After registration is complete, other deductions, such as Federal Heavy Vehicle Use Tax and Ad Valorem, need to be accounted for. Keeping a detailed record of these expenses is paramount. Due to this, we encourage owner-operators to hire an accountant or allocate plenty of time for their bookkeeping process. Those that choose to forego this vital step face a potential nightmare during tax season.

How Owner-Operators Receive Payment

When a business owner needs to transport their cargo to a buyer, they seek out a way to ship their product. Typically, this is where an owner-operator comes in. Business owners leverage a percentage of the potential profits they are earning from the sale of their product. This percentage-based pay differs from the hourly rate of local company drivers and the CPM calculations of OTR company drivers.

After the precise percentage has been agreed upon, the trucker delivers the cargo to its destination. Once this is accomplished, the business owner usually waits to receive payment from the buyer before paying the owner-operator.

To accommodate for this delay, new owner-operators need to have some savings while they wait for their payment. Be aware that if the total sum of the percentage pay does not cover the total expense accrued during the run, an owner-operator may break even or worse. Due to this, it is extremely important to confirm that the load will actually turn a profit before accepting the long-haul.

Be Wary of Shady Leasing and Contractor Agreements

Some lease agreements do not favor drivers.

Drivers may opt to procure their own semi-truck through a trucking company by signing a lease agreement. Truckers that choose to take this route may receive company-provided trailers, fuel cards, cash advances, insurance, and provided loads. An owner-operator lease typically consists of a low monthly rate and zero down at signup.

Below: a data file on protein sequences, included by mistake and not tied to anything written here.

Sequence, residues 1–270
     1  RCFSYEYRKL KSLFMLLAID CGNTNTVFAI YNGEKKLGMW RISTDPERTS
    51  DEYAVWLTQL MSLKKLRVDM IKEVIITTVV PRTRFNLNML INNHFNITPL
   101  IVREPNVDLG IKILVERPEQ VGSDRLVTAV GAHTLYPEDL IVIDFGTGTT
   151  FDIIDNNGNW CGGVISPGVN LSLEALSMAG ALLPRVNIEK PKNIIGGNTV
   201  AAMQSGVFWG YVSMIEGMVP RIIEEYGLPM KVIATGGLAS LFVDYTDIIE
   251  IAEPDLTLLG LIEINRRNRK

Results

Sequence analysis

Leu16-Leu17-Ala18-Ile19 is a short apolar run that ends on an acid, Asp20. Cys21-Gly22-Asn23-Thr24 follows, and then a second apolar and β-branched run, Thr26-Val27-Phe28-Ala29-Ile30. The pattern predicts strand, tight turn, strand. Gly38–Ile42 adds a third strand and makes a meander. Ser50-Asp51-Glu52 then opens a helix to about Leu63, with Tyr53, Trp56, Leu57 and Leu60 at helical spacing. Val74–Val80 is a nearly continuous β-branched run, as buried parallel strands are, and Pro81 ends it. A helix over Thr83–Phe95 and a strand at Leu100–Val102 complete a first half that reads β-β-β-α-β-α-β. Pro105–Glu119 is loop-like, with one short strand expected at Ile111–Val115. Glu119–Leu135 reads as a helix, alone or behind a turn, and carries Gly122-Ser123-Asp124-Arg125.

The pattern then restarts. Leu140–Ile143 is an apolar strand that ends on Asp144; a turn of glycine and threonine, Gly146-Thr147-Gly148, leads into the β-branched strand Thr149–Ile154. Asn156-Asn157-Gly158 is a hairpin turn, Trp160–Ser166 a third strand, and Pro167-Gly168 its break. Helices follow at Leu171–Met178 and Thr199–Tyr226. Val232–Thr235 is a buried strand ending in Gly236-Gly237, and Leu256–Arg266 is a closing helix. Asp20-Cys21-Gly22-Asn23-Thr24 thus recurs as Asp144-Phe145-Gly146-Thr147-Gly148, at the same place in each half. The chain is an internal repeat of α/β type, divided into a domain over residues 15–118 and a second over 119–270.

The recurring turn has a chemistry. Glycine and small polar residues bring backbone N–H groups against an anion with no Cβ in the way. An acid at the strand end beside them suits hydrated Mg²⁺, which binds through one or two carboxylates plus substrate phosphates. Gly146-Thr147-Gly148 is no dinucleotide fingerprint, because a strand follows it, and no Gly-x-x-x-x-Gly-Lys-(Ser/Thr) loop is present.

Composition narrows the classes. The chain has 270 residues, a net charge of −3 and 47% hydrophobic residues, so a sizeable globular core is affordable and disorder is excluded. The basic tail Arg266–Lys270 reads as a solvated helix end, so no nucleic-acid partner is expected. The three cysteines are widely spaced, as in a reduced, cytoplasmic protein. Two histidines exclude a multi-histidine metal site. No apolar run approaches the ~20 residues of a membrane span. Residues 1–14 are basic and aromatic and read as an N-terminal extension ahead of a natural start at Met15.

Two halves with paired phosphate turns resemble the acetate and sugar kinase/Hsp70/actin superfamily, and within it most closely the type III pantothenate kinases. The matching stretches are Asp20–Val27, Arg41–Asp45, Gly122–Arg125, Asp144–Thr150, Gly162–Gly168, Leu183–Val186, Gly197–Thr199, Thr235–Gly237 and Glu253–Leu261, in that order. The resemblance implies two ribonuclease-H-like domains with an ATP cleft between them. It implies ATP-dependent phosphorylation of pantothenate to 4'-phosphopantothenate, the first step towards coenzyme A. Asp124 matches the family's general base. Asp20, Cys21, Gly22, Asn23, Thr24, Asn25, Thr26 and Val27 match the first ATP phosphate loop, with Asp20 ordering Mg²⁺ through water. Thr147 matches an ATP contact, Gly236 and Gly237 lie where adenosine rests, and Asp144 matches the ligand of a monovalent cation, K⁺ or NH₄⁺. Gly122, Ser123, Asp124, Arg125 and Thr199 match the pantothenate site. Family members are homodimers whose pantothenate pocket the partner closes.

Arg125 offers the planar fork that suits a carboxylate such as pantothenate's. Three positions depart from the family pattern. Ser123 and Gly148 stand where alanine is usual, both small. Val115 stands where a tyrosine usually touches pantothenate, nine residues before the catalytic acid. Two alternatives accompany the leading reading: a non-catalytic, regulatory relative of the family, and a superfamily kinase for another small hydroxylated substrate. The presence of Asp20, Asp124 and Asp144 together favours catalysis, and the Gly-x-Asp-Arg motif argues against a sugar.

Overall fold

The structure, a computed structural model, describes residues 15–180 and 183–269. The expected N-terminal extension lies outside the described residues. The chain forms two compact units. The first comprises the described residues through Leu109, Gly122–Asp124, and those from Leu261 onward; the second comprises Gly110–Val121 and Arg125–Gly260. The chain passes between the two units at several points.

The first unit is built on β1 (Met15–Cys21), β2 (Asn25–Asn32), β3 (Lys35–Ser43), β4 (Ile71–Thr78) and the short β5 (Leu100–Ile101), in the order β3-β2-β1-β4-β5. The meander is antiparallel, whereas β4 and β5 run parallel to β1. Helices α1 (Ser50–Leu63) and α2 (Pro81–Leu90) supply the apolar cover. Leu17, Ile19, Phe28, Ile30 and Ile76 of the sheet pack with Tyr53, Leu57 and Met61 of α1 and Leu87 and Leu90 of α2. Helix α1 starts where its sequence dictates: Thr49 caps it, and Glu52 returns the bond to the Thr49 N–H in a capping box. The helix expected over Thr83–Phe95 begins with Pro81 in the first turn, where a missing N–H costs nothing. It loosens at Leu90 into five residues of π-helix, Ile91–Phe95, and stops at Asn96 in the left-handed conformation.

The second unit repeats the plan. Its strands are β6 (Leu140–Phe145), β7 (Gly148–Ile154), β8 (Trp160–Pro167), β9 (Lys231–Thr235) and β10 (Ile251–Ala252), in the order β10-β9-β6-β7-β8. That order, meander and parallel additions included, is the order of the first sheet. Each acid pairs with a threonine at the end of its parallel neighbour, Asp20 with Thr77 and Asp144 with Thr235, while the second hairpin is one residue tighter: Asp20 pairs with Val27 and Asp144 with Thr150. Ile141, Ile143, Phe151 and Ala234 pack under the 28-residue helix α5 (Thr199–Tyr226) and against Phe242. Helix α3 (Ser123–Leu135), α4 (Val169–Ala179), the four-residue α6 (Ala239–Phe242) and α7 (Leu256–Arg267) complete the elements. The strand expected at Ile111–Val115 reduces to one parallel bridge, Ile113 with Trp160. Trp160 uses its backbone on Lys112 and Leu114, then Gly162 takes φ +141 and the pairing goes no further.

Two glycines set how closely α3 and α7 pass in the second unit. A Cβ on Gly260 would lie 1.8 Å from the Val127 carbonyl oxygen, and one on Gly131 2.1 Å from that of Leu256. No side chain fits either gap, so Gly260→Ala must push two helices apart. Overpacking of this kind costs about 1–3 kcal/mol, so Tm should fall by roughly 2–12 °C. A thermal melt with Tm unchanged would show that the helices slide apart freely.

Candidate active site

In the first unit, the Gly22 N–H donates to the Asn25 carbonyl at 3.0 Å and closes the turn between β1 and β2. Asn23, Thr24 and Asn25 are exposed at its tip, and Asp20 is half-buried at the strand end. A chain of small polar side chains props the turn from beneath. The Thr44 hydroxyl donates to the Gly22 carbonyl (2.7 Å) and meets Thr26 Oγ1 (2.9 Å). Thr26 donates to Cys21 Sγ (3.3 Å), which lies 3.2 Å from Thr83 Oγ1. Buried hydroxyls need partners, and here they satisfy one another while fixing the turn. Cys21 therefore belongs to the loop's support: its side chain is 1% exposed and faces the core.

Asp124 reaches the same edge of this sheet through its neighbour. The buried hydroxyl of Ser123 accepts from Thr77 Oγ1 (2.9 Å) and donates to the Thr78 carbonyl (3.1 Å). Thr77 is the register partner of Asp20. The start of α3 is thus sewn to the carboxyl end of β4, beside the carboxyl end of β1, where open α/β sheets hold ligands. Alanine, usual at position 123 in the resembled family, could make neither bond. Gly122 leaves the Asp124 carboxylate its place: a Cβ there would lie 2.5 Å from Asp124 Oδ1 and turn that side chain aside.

These leasing programs offer truck drivers great benefits and an easy way to get started.  But are there any drawbacks? Unfortunately, enticing lease agreements also provide scammers with a convenient way to con truckers.

This typically occurs when the driver is unable to make lease payments due to a decrease in miles driven and an insurmountable amount of fees. For example, shady carriers may overcharge for insurance, fuel taxes, and mandated repairs at a company facility. Although an owner-operator would never willingly agree to these unfair practices, they may be outlined in the contractor agreement.

To avoid falling for this scam, ask detailed questions about the lease agreement. If the contractor seems pushy or in a rush, walk away. The risk of financial ruin is not worth the trouble. Carriers that offer a legitimate owner-operator lease agreement do not mind if a trucker decides to have the document evaluated by the Owner-Operator Independent Drivers Association.

Owner-operators that want to run their own business have a few distinct advantages over company drivers. They can avoid company favoritism, select the best loads, and choose when to travel. The downsides, however, are the recordkeeping and the latency issues associated with receiving payment. Many company drivers do go on to become owner-operators, but we don’t recommend it until you’ve been in the trucking industry for several years.

 

 

About The Authors
Contributors: Clyde Hoggatt, Jessica Cottner. Expert Review: William Mason, Luke Nold.